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Now What?

Two weeks ago I wrote a blog titled “How to Get into a College Theater Program & Survive Trying.” I wrote it as a way to reach out to the high school seniors I know. I wrote it with all the empathy I have in my heart for these kids and this thing blew up. It has more views than any of my other blogs have received. And ironically, or maybe not so ironically, I realized these numbers don’t really mean anything. Apparently a lot of people care about what I have to say, but I don’t feel any smarter or more important because of it.

This experience was a real world reminder that views, likes, and comments don’t mean anything. My value as a writer is not dependent on how many people read my work or how many people like my work. My value as a writer is only measured by the standards I have set up for myself.

The type of writer I strive to be:

1. I want to write truthfully and honestly about my experience as an artist

2. I want to write about subjects that feel important to me

3. I want to have the courage to be vulnerable and to find strength in sharing my vulnerability

That’s pretty much it. As long as I’m writing within those guidelines my value as a writer will only continue to grow.

But what do you do after creating something that was loved by your audience? What if the next thing you create doesn’t go over so well? How can you top your last project? What does JK Rowling do after writing the Harry Potter series? What does Lin-Manuel Miranda do after Hamilton? Not to compare myself to these creative geniuses but they’re both just people and I think it’s a very human experience to suddenly find yourself stifled by your own creative success.

After so many people told me how much they loved “How to Get into a College Theater Program & Survive Trying” I started to worry about what I would write next. How could I ensure that my next piece would get the same amount of praise, if not more? I was forced to quietly remember why I started this blog in the first place and what I hope to get out of it. (See my three guidelines above.) And then I remembered that famous conversation between Agnes de Mille and Martha Graham after de Mille’s success with Oklahoma!

Agnes de Mille was a dancer and choreographer. Early in her career she choreographed ballets such as Three Virgins and a Devil and Rodeo, both of which she was quite proud of, but neither piece brought her much commercial success. However, in 1943 de Mille choreographed the Broadway musical Oklahoma! Both the show and de Mille’s choreography became overnight sensations, but de Mille thought that her work on Oklahoma! was mediocre at best. Frustrated in the disparity between how others viewed her work and how she felt about her own work, she looked for guidance in fellow choreographer Martha Graham. Now, some legends say that the following exchange was written down in letters sent between the two women and some say it happened in person over a drink. Either way, the advice rings true for all types of artists.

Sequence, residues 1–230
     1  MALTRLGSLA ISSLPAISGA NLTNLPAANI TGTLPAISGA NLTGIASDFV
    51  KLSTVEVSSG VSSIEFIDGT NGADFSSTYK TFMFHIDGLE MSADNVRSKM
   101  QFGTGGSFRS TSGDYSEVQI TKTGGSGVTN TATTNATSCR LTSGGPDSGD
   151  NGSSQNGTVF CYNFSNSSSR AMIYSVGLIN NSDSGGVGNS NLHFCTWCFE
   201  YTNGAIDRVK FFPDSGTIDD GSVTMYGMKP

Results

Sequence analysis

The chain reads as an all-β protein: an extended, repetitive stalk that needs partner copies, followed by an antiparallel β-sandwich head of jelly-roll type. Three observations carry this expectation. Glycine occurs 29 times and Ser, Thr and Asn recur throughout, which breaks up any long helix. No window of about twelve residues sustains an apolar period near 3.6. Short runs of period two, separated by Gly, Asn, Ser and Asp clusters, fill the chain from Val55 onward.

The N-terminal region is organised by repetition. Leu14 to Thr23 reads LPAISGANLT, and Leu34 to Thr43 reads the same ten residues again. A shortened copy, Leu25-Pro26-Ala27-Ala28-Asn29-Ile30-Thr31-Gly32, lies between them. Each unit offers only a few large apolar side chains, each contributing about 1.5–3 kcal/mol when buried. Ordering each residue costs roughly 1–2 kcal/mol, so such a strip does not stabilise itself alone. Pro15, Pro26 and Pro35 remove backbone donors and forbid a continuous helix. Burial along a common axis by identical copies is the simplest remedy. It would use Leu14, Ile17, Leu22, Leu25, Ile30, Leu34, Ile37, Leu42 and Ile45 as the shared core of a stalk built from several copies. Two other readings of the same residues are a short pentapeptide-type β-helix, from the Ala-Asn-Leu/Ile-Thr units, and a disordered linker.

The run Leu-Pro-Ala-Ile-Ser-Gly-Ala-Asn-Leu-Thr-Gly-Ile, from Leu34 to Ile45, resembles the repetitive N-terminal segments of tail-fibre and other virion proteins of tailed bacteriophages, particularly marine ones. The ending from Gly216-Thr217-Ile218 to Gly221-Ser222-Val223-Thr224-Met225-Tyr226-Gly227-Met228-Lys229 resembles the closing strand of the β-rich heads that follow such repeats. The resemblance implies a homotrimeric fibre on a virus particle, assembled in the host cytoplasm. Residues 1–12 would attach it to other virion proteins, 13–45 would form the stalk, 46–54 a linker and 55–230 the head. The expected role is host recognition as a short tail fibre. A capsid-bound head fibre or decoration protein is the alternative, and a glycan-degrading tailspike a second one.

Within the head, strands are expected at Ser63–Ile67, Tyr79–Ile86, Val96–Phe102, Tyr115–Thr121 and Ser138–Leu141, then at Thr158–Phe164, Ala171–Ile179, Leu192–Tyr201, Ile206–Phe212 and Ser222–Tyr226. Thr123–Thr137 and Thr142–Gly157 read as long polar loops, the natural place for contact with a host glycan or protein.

“There is a vitality, a life force, an energy, a quickening that is translated through you into action, and because there is only one of you in all of time, this expression is unique. And if you block it, it will never exist through any other medium and it will be lost. The world will not have it. It is not your business to determine how good it is nor how valuable nor how it compares with other expressions. It is your business to keep it yours clearly and directly, to keep the channel open…You have to keep yourself open and aware to the urges that motivate you. Keep the channel open.” —Martha Graham

When I was a kid and I felt that I gave a so-so performance in my school show my Mom would always remind me that it’s impossible to be in two places at once. “You can’t be both the performer and the audience,” she would reassure me. “Whatever you were feeling isn’t necessarily what the audience was feeling.” I never met Martha Graham, but she must have been a pretty smart lady because she basically gave Agnes de Mille the same advice.

It is not our job as artists to judge our work. It is our job as artists to create our work. The audience can judge our work as much as they want, that’s part of their job. It is also not our job to worry about what the audience thinks of our work because as Martha Graham says “keep the channel open.” And if we start worrying about what the audience thinks of the work we put out there, that channel will sure as hell close right up.

So, thank you dear readers for your kind words in response to my most recent blog post. I am so grateful that many of you found it helpful and encouraging. But even more importantly, thank you for reminding me why I’m here in the first place, for helping me reacquaint myself with what I was put on this earth to do: to create.

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